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How Do We Address Experienced and Respected Crypto Skeptics?


Disruptive technology does what it says on the tin: it disrupts. No matter your industry, it's natural to be protective when something new comes along. Many blockchain fans would be the same if a fresh technology threatened our sector and competed in functionality.

Being protective and defensive doesn't always come from a maligned place. Good-faith actors want to protect their users and community. Central banks, regulators, and financiers, in most cases, want to avoid risk and provide security. So when people ask me how I deal with trusted, respected professionals admonishing crypto, I try to walk a mile in their shoes.

Understanding someone’s view based on their experience and position lets me extract value from their criticisms. There’s no need to ignore them or take everything to heart once you’ve dug a little bit deeper.

Experience Is the Key to Understanding Crypto Criticism

In most skilled fields, influence rarely comes overnight. Academics spend decades researching. Athletes hone their skills over years of grueling training. Even in the technology world, we gain influence in our areas of expertise and practice. This leads us to develop unique skill sets focused on our individual pursuits, directly molding our worldview. Now, while we can cope with some level of adaptation, it won't always be a perfect fit.

For example, to be a world-class tennis player, you train for decades to swing with your shoulders. Now, if you suddenly try playing badminton, you might be unable to adjust your swing using your wrist and forearm.

Let's take the analogy further. The head of a central bank needs a strong background in traditional finance and banking. Their thoughts, methods, and beliefs are heavily influenced by their experience. And rightly so, as this is where hundreds of years of economic study have led us. A central banker needs strong convictions that current banking practices are the correct methods to deal with the economy. 

Predictability and stability are core parts of a central bank's DNA and power. New concepts, like cryptocurrencies, aren't part of the experience. So while they may understand some use cases (Central Bank Digital Currencies spring to mind), the risk associated with changing their approach is too high. Some skepticism is expected and normal.

Your Position Also Leads to Internal Biases

Everyone will have biases based on their position and self-interests. Taxi drivers see no problem with an increase in demand due to an influx of tourists to their city. However, the introduction of driverless cars is likely to turn them into skeptics – regardless of the fact that it’s an incredibly useful technology. People tend to vouch for things they like and bring them success, but show resistance to change when it affects them personally.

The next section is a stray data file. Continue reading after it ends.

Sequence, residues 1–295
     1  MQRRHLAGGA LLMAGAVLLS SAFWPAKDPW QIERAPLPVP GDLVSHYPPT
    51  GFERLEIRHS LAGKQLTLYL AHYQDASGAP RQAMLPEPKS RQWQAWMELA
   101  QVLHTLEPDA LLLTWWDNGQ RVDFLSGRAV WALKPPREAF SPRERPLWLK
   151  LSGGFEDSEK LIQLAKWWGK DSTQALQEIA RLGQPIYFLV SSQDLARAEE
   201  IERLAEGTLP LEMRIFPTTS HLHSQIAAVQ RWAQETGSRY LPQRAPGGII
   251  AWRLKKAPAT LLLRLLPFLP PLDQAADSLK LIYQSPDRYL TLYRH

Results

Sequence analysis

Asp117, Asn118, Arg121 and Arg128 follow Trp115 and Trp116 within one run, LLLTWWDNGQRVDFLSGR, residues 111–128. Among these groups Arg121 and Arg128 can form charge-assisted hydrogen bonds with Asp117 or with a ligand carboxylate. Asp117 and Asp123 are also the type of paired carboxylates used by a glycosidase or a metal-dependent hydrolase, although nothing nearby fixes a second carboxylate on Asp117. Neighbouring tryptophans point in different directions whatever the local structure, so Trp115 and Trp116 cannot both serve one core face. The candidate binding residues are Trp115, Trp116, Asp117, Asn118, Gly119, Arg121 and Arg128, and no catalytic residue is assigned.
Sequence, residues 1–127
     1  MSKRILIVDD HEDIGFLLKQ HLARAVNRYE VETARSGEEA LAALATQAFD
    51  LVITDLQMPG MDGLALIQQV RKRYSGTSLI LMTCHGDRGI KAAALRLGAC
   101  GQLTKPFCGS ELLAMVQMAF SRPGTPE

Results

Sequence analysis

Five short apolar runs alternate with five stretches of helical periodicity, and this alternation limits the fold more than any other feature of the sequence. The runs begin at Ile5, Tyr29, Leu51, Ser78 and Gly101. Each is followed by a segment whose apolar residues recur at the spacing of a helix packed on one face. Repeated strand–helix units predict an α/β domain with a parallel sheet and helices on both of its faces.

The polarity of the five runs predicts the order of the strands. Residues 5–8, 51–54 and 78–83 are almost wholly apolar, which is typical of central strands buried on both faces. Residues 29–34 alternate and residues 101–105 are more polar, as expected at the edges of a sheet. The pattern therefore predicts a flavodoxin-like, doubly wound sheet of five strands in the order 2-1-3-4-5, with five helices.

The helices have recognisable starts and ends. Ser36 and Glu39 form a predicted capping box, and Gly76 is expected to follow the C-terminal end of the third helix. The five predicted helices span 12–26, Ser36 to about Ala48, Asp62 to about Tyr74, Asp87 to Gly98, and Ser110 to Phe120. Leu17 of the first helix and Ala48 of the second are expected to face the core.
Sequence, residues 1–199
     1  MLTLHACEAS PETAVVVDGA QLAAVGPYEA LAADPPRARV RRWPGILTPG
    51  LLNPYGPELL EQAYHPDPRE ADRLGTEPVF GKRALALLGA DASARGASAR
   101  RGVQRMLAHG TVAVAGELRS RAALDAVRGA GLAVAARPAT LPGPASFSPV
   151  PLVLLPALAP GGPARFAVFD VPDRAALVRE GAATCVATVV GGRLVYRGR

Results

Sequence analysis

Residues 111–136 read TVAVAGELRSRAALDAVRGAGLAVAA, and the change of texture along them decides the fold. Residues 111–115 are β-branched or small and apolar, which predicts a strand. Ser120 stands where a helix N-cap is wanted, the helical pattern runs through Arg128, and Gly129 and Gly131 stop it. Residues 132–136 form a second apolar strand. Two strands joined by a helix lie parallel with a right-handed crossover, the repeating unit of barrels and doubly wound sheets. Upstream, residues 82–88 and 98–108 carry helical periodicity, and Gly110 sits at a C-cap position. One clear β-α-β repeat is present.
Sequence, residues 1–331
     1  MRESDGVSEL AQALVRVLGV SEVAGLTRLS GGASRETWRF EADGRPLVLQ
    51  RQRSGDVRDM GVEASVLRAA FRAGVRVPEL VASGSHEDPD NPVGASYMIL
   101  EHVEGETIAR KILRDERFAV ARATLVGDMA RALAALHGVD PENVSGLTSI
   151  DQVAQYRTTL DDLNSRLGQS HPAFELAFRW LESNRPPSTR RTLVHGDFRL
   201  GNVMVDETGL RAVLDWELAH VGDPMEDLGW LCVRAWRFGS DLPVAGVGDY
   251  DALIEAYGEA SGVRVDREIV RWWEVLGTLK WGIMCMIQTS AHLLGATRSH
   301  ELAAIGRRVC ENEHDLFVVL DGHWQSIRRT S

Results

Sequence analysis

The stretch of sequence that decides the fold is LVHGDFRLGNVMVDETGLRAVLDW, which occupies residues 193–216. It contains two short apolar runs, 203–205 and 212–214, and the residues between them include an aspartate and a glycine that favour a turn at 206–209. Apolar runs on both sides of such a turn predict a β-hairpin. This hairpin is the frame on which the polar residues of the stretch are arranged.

Many in the banking and finance industry see crypto as a threat to their position. International transfers can be made quickly without intermediaries. Users can take out crypto loans instantly so long as they have sufficient collateral. 

Increased crypto uptake can therefore reduce profits in these areas and invoke costs when competing. Their jobs depend on their industry's growth, so they'll typically be skeptical of new challenges. This doesn't mean those highly-experienced, respected critics are detrimental and to be ignored. They are, of course, incredibly valuable due to their wealth of knowledge and experience. However, these circumstances and their positions don't make them experts in innovation.

In the end, we do often see increasing adoption from former skeptics. Whether that is due to an embrace of innovation or a fear of lost profits is, however, a discussion for another time.

How Can We Overcome Our Biases?

A great first step is to begin having conversations like the one we're having now. The world is a delicate system of checks and balances, and acknowledging it goes a long way. 

One group we can take inspiration from is the young. A good friend once told me to "Follow the young people. They're the future." When you see teenagers and young people using a new app or technology, they're usually onto something. Crypto has really been no different. You only need to look at Vitalik's age during the development of Ethereum to see this point in plain sight.

While I don't recommend jumping headfirst into everything your kid suggests, their views are still incredibly valid. Circling back to our original points, we need to consider everyone's expertise and position. Always ask for opinions from a wide range of people before drawing your conclusions.

The Answer? Listen and Understand

I'm not here to point fingers and tell people right from wrong. I’m encouraging a more nuanced view on these topics. There's a reason Binance doesn't fight with regulators: we understand the value in their experience and respect their position in society. So while respected figures rightly have an entitlement to their opinion, we should also look deeper at how that opinion has formed.